Sadique Kebonang’s mother, Jeanette Mooketsi had a rude awakening when the court ruled that suffering on account that her car has been taken was not reason enough to give it back to her.
Court of Appeal judge, Justice Monametsi Gaongalelwe on Friday told the former minister’s mother that such reason is part of the purpose of the Proceeds and Instruments of Crime Act.
Mooketsi had requested the court to give her car back because she will suffer a great deal because she uses it to visit medical doctors both locally and in South Africa.
The car was part of the property seized during investigations relating to the missing P230 million National Petroleum Fund. However, even her heart condition revelation could not move the court as she was told that Parliament was well aware that the Act was bound to cause some inconvenience.
“Suffering prejudice on account of dispossession is not sufficient since Parliament in its undoubted wisdom enacted the particular statute well aware that its implementation was bound to cause inconvenience to the person dispossessed of his or her property,” the judge said. Justice Gaongalelwe denied Mooketsi her car on the basis that she had failed to make an undertaking nor guarantee regarding safety of the vehicle if released to her.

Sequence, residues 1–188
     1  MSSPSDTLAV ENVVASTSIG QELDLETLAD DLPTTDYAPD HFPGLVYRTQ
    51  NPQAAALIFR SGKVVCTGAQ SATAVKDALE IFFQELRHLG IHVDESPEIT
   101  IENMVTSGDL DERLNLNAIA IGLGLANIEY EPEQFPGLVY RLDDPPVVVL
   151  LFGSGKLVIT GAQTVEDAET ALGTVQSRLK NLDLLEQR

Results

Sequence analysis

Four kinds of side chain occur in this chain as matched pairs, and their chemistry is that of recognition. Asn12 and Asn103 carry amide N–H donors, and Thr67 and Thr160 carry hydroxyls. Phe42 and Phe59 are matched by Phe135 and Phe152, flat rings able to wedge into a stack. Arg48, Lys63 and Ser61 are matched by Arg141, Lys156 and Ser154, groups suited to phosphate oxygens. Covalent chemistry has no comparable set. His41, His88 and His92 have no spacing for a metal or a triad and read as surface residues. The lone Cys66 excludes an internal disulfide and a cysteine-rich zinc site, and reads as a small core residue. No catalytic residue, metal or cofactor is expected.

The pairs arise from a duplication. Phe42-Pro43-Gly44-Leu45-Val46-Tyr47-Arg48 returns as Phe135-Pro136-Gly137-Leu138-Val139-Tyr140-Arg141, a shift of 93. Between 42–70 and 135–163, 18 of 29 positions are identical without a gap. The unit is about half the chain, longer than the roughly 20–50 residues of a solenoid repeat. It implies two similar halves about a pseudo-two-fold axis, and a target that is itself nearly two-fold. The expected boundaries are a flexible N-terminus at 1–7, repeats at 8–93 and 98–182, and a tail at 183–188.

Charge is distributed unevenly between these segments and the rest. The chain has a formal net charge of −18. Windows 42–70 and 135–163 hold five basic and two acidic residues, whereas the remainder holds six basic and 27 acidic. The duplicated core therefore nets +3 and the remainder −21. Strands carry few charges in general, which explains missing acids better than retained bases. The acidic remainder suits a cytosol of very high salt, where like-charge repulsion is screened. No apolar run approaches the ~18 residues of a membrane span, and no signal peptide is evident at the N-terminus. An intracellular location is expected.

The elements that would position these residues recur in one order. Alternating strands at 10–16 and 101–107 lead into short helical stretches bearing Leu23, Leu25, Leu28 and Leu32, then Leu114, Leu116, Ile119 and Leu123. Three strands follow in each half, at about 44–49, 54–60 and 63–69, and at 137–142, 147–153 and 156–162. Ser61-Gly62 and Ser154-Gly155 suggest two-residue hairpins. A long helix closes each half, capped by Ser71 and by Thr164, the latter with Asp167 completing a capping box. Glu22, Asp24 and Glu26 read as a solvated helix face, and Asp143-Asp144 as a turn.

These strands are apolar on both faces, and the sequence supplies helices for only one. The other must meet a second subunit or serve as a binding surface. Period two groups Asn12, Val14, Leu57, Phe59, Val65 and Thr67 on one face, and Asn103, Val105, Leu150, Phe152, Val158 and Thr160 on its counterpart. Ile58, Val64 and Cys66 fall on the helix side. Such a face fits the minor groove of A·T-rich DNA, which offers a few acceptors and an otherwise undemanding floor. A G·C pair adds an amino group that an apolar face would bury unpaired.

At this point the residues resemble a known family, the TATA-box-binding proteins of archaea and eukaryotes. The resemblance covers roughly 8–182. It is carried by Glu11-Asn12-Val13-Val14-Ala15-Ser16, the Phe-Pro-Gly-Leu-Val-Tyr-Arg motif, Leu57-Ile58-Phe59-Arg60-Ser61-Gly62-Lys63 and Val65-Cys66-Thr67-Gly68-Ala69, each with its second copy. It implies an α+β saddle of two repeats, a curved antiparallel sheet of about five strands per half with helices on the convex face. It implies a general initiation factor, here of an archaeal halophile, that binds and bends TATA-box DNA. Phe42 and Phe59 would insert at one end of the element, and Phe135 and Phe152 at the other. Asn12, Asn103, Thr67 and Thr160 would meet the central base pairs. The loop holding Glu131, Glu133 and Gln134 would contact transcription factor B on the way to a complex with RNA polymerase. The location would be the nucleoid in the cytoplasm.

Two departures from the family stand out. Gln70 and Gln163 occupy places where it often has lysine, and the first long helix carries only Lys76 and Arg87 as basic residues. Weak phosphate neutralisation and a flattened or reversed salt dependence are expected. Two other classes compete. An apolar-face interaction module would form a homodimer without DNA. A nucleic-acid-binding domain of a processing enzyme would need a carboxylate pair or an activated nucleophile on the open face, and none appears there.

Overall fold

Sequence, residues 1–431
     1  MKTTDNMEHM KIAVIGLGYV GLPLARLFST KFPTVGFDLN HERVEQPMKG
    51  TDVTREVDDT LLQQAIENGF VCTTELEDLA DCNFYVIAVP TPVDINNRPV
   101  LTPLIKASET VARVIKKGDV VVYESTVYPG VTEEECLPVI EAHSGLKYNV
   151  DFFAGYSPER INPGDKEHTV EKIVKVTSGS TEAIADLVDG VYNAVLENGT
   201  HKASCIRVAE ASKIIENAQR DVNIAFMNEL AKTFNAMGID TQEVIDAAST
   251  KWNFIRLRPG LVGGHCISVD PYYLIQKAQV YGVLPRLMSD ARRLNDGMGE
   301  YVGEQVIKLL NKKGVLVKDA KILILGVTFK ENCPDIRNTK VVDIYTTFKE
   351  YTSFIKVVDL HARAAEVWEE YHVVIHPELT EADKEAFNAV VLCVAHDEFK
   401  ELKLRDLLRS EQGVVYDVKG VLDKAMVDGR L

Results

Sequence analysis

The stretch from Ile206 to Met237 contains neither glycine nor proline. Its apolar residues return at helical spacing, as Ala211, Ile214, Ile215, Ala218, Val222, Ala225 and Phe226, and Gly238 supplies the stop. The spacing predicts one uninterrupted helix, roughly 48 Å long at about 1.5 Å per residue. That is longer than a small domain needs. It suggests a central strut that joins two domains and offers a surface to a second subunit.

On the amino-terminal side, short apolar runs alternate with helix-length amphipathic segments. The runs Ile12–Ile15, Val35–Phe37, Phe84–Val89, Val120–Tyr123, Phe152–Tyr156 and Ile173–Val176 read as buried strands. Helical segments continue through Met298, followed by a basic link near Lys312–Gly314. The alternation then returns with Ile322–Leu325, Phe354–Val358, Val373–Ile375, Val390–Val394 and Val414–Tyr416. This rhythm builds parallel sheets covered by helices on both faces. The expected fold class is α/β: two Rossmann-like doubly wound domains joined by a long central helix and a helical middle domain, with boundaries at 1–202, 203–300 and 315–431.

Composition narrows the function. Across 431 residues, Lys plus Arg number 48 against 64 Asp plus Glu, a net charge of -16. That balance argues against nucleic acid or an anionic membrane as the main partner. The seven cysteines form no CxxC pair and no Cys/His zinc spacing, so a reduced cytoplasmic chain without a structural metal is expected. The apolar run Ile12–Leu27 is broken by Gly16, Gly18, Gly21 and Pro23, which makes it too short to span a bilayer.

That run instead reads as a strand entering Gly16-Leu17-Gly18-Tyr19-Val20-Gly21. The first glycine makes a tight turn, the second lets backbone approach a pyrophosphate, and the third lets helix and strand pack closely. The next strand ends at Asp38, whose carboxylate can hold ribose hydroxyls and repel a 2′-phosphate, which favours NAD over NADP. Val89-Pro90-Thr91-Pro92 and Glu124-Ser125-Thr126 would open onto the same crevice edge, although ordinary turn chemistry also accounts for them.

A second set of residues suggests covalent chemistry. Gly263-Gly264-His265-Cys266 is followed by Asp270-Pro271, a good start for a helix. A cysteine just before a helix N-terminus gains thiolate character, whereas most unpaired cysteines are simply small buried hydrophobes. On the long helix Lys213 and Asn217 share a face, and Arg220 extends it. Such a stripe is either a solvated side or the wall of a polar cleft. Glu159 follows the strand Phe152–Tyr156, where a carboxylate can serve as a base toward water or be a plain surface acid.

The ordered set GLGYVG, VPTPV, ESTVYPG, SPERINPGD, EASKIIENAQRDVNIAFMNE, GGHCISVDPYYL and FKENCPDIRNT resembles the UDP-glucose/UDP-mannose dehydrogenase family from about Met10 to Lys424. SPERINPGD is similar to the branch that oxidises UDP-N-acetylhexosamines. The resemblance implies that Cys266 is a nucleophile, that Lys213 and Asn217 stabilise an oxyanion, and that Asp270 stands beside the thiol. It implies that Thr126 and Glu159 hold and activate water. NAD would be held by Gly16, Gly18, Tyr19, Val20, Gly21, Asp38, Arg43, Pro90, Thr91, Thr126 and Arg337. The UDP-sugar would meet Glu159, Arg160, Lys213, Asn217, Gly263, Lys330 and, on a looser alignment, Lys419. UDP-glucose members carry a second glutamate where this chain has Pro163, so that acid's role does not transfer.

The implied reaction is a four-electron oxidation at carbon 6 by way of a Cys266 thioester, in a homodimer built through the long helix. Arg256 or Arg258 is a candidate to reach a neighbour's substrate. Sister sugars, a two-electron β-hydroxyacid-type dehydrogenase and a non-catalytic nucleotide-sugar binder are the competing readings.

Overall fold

He explained that Mooketsi in her affidavit also did not tell why she would not use alternate transport.
“She does not tell why she would not use public transport such as taxis locally nor a hired vehicle nor travel by other means such as air when going to SA,” he noted.
The judge further said even if he was to consider the request about medical visits, no dates were stated as to when such visits are to be made. He said the matter was not urgent as the court could not ascertain whether such contemplated visits were to be made soon or on some unascertainable future dates which might be after many months.
On the issue of visits to SA, the judge also mentioned that it was common that Botswana vehicles were stolen there, therefore it was risky to allow for the vehicle to cross. “As long as the order is in operation, the vehicle would remain safe and intact. If released to her it would be exposed to depreciation damage and possibly theft,” he said.
The judge said on the strength of all the analysis that any inconvenience that would be suffered by her if stay of the order were refused was far outweighed by the prejudice and the government was likely to suffer.